SPPCP applauds Congress for passing the MAT Act to prevent overdoses and support recovery. 

December 30, 2022 

Last week, Congress passed the Consolidated Appropriations Act for 2023, which includes significant legislation to address the worsening overdose crisis. SPPCP applauds the passage of the bill and its Mainstreaming Addiction Treatment (MAT) Act provision, which will remove federal barriers to medications for opioid use disorder, reduce stigma, and increase access to life-saving treatment that prevents overdoses and supports recovery.  


Thank you to Reps. Paul Tonko, Mike Turner, Anthony Gonzalez, and Sens. Maggie Hassan and Lisa Murkowksi for their sponsorship of the MAT Act and their tireless work to ensure that the bill was included in the omnibus. We also thank Speaker Nancy Pelosi, Majority Leader Chuck Schumer, Leader Mitch McConnell, the House Energy and Commerce Committee Chair Frank Pallone Jr. and Ranking Member Cathy McMorris Rodgers, the Senate HELP Committee Chair Patty Murray and Ranking Member Richard Burr, and Rep. David Trone for their leadership in passing the MAT Act. 


In 2021, the United States lost nearly 108,000 people to drug overdoses — an unfathomable tragedy. Each person who died from an overdose has left behind family members, friends, and communities. Without action, we are projected to lose one million more loved ones to drug overdoses by 2030.  


The MAT Act will help turn the tide of the overdose crisis by saving thousands of lives from overdoses and supporting long-term recovery from opioid use disorder. Overdose deaths are preventable through evidence-based treatment, including medication that prevents painful withdrawal symptoms and that stems opioid cravings. But due to outdated federal rules, only about 1 in 10 people in need receive medications for opioid use disorder, including buprenorphine, which is recognized as a gold standard of care.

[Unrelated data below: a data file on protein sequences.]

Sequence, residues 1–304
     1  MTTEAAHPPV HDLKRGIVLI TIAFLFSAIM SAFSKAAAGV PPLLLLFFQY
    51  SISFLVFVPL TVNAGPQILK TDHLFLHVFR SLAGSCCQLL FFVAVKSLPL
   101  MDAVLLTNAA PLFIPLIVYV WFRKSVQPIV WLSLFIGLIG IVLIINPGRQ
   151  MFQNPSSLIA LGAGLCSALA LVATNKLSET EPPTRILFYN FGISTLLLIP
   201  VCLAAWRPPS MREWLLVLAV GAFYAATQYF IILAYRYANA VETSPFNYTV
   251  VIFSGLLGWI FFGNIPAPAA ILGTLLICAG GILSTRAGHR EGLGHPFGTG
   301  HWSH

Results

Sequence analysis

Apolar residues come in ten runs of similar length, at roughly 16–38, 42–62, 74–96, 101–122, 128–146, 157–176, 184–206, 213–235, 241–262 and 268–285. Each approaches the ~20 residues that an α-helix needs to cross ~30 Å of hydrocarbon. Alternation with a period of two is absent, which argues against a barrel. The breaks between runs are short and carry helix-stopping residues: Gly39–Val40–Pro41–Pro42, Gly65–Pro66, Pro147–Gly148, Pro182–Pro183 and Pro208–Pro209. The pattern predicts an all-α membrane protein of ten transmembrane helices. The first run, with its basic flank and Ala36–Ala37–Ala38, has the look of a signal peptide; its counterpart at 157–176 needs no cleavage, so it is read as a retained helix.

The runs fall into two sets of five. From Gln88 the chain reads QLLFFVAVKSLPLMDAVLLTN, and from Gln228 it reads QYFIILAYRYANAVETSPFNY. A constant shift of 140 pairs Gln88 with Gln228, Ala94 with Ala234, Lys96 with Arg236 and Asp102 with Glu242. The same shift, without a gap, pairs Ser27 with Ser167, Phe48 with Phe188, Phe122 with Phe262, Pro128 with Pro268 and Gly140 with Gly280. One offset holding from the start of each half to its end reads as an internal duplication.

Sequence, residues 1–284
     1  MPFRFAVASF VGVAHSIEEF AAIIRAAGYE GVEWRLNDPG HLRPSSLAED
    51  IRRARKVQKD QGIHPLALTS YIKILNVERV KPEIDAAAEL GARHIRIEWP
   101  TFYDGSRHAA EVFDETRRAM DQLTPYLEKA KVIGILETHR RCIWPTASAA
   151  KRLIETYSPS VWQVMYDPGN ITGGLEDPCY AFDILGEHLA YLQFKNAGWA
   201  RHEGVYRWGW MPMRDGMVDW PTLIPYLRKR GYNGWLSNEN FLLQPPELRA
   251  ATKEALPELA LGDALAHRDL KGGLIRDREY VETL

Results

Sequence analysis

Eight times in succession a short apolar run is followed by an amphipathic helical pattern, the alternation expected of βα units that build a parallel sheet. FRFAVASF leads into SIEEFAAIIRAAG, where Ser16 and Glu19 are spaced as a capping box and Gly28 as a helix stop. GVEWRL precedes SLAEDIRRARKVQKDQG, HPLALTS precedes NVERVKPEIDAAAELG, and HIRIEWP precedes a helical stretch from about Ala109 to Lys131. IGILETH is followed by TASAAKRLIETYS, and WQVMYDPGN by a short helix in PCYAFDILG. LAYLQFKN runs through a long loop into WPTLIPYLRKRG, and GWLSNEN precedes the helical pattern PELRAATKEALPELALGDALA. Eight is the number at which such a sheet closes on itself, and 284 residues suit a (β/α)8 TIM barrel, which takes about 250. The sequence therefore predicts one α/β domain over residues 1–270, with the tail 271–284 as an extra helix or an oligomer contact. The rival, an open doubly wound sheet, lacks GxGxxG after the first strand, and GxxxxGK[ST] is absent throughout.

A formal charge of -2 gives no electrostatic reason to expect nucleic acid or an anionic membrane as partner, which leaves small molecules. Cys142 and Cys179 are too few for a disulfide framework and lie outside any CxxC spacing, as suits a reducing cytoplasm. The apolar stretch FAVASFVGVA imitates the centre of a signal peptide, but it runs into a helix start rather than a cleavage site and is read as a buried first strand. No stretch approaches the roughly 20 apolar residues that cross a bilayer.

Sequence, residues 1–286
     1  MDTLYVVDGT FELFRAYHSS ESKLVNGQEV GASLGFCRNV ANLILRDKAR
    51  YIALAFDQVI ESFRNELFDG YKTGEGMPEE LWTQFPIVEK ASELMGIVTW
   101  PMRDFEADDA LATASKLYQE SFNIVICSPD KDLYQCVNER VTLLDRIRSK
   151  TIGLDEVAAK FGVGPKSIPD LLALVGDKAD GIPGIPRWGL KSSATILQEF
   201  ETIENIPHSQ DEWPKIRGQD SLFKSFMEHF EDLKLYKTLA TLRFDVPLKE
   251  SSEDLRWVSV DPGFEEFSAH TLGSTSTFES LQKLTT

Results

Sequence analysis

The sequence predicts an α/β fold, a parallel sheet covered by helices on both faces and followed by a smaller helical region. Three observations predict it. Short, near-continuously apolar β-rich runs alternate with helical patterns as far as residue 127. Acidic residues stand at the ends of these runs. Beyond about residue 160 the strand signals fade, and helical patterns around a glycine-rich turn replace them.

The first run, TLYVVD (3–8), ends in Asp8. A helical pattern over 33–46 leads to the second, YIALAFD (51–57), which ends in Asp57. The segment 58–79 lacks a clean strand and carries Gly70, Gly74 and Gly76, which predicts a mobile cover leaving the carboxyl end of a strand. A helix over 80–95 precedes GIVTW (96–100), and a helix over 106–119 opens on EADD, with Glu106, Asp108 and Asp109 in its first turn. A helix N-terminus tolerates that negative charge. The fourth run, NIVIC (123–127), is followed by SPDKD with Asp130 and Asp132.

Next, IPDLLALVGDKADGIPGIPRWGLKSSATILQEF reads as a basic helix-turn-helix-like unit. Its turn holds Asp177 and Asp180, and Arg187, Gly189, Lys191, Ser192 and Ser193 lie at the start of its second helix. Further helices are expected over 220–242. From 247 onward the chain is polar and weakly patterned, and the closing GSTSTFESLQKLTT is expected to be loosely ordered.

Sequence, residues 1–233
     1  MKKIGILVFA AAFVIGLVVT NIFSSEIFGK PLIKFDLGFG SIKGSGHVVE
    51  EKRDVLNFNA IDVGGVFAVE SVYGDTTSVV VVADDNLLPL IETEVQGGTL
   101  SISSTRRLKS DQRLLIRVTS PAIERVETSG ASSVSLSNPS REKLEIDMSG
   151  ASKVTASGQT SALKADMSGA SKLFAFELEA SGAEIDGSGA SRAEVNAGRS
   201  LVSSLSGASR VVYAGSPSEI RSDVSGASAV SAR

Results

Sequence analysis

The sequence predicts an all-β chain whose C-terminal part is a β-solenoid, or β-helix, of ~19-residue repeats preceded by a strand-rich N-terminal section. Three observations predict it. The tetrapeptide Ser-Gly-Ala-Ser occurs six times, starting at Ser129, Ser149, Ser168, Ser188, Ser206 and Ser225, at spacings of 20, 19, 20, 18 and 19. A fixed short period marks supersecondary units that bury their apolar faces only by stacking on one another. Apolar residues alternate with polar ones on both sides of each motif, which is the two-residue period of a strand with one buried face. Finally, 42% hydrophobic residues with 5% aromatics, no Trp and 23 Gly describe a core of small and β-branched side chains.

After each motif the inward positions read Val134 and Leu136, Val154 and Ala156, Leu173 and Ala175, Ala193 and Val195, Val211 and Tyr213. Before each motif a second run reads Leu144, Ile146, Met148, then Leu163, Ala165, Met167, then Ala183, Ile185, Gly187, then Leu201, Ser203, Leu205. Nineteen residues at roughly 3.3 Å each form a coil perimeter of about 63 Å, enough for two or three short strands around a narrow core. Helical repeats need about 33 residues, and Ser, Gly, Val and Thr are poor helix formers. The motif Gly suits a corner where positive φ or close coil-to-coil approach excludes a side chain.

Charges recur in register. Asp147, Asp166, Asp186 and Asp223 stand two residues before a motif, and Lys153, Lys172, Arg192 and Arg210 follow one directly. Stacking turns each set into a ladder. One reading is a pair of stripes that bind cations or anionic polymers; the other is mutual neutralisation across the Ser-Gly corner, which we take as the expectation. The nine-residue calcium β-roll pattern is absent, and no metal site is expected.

These outdated federal rules include mandatory registration with SAMHSA and the DEA to prescribe buprenorphine, limits on the number of patients with opioid use disorder that health care providers can treat with buprenorphine, and other onerous requirements that stigmatize one of the most effective treatments for opioid use disorder, patients with the condition, and the health care providers who treat them. Due to these onerous federal rules, fully 40% of U.S. counties lack a single health care provider who can prescribe buprenorphine for opioid use disorder. 


The MAT Act removes these onerous, outdated federal rules and empowers all health care providers with a standard controlled medication license to prescribe buprenorphine for opioid use disorder, just as they prescribe other essential medications. The MAT Act will help destigmatize a gold standard of care for opioid use disorder and will integrate substance use disorder treatment into primary care and behavioral health care practices, emergency departments, hospitals, and the health care system as a whole. By passing the MAT Act, Congress has acted to prevent future overdose deaths and support people with substance use disorder in securing recovery.  


SPPCP is one of nearly 550 organizations that called on Congress and the White House to pass the MAT Act. This Congress, the MAT Act won more than 275 Democratic, Republican, and Independent cosponsors in the House (H.R.1384) and the Senate (S.445) – a testament to the policy’s overwhelming bipartisan support. Both President Biden’s and President Trump’s former Directors of the Office of National Drug Control Policy called for Congress to pass the MAT Act. They joined the bipartisan U.S. Commission on Combating Synthetic Opioid Trafficking in urging Congress to adopt the policy. The MAT Act was among the most broadly supported pieces of overdose prevention legislation introduced this session.